The constituents of the waste: Buthanol, > 25% ethanol, > 25% acetic acid (with larger quantities also collected below 25%, applies to both ethanol and acetic acid), approx. 1% Coomassie blue, methanol, acetonitrile, propanol, tetrahydrofuran, acetone, dioxane, guanidine hydrochloride. Small amounts (about 1%) of paraformaldehyde, silver nitrate, phosphoric acid, trichloroacetic acid and other halogens below 1%.
Liquid waste must only be poured into approved 5 L containers, which are collected in room 1590-049.
Containers must only be filled to the top mark (See photo). The lid is screwed securely and tight with the special tool (found in room 1590-049). The waste containers are put into the correct transport bins in the waste room 1590-051. Filling and suggestions for marking as shown in photo.
Waste constituents: Gels, napkins, pipette tips, gloves and the like with very small amounts of chemicals. Cannula boxes for needles and scalpels.
Dry GMO waste must be autoclaved and disposed of as ordinary waste.
Waste constituents: Counting fluid OptiPhase Hisafe 3[JNP1] (including di-isopropyl naphthalene and polyethylene glycol mono-4-nonylphenyl ether)
Elisa plates with very small amounts of organic / inorganic chemicals (eg Bradford, Lowry).
Waste components: Chloroform, phenol, <10% isoamyl alcohol in tubes, trichloroacetic acid, sulfolane, acetone. Halogen over 1%. Notify your security representative if anything else is left in the list!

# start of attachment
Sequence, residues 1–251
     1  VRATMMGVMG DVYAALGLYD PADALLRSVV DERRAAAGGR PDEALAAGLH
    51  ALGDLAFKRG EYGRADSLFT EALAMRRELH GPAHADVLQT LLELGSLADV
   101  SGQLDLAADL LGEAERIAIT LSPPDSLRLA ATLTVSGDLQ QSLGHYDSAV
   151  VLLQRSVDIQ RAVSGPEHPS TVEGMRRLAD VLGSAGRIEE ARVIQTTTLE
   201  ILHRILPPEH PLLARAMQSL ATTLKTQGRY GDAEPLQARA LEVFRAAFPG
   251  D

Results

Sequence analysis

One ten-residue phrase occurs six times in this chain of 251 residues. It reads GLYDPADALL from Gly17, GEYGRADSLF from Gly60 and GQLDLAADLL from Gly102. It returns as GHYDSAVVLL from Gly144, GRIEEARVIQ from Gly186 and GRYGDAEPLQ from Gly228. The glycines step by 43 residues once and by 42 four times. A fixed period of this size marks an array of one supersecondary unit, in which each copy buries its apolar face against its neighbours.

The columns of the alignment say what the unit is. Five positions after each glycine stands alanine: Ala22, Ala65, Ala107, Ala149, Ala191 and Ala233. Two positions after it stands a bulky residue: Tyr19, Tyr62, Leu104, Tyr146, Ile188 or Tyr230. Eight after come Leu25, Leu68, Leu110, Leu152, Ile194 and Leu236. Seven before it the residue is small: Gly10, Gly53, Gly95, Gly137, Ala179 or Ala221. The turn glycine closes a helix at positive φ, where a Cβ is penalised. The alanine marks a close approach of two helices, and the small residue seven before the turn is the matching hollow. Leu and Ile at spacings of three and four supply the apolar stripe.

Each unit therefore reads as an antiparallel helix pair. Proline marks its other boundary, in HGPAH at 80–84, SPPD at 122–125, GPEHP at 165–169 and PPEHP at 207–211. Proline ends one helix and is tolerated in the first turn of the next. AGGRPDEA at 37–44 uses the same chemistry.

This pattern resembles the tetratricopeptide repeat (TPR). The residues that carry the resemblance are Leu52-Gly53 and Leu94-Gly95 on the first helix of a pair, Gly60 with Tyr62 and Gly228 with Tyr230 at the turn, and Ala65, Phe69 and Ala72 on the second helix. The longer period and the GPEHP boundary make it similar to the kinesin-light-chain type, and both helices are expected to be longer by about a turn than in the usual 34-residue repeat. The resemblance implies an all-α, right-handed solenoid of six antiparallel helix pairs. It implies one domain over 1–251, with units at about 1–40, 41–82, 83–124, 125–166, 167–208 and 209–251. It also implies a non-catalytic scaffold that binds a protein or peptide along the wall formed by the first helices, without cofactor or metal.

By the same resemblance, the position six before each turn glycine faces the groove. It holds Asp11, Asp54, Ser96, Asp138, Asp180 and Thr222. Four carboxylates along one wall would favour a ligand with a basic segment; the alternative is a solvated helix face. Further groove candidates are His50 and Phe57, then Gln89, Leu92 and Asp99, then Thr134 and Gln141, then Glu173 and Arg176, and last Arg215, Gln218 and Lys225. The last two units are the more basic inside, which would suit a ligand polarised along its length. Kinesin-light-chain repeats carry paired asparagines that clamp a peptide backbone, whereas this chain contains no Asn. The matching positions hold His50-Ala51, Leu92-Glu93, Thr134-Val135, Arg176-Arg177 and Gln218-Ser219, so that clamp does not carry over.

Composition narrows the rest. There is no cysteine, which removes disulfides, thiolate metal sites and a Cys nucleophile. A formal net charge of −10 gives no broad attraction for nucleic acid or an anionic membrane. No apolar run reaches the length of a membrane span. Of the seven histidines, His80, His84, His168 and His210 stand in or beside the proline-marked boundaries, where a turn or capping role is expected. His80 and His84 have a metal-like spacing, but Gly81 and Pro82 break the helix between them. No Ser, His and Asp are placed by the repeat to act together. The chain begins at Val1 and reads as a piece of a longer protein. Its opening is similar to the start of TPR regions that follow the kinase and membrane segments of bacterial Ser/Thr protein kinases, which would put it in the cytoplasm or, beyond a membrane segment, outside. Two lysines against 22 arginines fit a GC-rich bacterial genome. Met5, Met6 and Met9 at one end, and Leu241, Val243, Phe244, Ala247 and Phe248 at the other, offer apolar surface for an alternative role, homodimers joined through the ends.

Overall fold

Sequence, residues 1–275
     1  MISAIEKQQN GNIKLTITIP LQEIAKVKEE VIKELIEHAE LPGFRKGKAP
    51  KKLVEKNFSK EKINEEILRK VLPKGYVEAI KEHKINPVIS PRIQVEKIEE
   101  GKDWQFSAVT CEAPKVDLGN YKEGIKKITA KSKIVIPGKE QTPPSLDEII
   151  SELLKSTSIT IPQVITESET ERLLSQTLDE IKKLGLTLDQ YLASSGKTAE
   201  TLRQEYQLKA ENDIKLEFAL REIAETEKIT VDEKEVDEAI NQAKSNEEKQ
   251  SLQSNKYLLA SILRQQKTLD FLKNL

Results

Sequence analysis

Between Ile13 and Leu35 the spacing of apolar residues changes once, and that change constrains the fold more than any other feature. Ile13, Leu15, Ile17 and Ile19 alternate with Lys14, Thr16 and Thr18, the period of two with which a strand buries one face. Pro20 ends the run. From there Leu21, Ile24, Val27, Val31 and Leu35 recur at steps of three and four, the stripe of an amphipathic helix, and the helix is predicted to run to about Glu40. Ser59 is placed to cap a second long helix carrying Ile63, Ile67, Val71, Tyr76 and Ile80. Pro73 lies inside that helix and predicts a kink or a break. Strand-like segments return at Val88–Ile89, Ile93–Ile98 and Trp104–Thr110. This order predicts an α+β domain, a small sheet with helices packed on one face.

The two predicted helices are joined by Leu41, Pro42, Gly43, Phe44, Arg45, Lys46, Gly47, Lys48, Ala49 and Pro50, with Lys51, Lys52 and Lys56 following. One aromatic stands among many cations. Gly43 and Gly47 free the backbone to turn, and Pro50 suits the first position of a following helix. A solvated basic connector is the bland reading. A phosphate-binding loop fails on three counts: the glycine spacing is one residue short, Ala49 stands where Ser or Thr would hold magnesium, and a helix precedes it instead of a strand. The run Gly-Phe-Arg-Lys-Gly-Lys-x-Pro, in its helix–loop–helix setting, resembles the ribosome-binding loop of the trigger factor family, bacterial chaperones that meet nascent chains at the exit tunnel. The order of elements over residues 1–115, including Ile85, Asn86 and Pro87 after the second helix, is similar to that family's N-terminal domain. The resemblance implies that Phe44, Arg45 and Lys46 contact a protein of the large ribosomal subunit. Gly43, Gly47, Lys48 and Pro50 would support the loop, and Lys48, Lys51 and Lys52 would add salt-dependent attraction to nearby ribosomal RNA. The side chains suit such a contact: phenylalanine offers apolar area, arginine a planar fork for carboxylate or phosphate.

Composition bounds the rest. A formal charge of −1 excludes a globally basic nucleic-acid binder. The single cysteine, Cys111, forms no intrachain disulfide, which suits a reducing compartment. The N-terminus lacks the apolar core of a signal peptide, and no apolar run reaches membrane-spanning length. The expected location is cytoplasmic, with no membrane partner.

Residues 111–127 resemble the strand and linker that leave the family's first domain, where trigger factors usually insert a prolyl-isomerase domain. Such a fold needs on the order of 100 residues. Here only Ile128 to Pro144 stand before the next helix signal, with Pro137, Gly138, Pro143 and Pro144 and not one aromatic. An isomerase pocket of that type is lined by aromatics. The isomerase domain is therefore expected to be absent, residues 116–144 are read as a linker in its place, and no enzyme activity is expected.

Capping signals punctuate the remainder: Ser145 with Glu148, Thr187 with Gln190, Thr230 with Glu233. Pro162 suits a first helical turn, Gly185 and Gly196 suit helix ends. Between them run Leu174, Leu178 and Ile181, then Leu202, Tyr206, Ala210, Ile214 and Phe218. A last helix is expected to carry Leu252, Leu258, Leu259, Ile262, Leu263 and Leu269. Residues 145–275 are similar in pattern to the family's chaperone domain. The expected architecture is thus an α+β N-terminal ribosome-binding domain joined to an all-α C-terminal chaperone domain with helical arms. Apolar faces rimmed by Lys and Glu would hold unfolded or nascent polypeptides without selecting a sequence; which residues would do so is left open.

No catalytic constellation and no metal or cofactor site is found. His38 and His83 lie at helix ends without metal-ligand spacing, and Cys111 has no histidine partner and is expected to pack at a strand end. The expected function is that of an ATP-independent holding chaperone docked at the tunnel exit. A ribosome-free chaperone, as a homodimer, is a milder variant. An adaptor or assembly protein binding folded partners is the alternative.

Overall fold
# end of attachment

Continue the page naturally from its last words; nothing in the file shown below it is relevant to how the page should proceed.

Waste constituents: Carbon filters and carbon bags with ethidium bromide residues REMEMBER: The carbon filters / carbon bags are wet and packed wet in plastic bag.
Waste constituents: Equal to or more than 50% solvent. Collected in smaller containers in the laboratory, disposed of in barrel in waste container. Do not contain halogens.
Waste constituents: Mixed laboratory waste from clean-up.
A barrel: for solid Z-waste - write consecutive numbers, the chemical name, the quantity (in%), your initials and group names in the logbook.
A barrel: for liquid, corrosive and acidic - as stated above, write in the logbook on the barrel.
A barrel: for liquid, corrosive and basic - as stated above, write in the logbook on the barrel.
Remember: O waste must always be packed in a barrel by itself.
You may pack 2 mercury thermometers or mercury lamps at the top of the barrel in a thick plastic bag, if you write it under “affaldets bestanddele” ("The components of the waste")
Waste components: Empty spray cans as well as empty small butane gas cans
Waste components: See the list of "O substances" (reactive substances)
It must be written in the book which substances come in the barrel, as the different types of reactive waste must be kept separate from each other.
An O-waste barrel, especially for hydrogen peroxide 20 - 60%
Waste constituents: Elisaplader with small amounts of heavy metals. Liquid nickel chloride and copper sulfate from columns. Notify your safety representative if any metals other than nickel and copper are being poured.
Waste components: Engine oil (not chlorinated oil, Fp over 61 ° C), oil from vacuum pumps.
There is a box in the student helpers office for used batteries
All solid waste must be autoclaved and disposed of as ordinary waste. Liquid waste can be autoclaved or treated with Virkon S (10/00) and then poured into the sink.
After storage for 10 half-lives, radioactivity has decreased to approx. 1/1000. This will often be an appropriate time for contaminated glassware and other highly radioactive waste.
32P waste must be stored for 5 months
35S and 33P waste must be stored for 30 months
125I waste must be stored for 20 months
After storage it can be considered as ordinary, non-radioactive waste. Waste after iodination (solid form e.g. in gel matrix or aspirated into absorption material or absorbent of the like) is stored in closed 1" steel tubes which are stored for at least 20 months.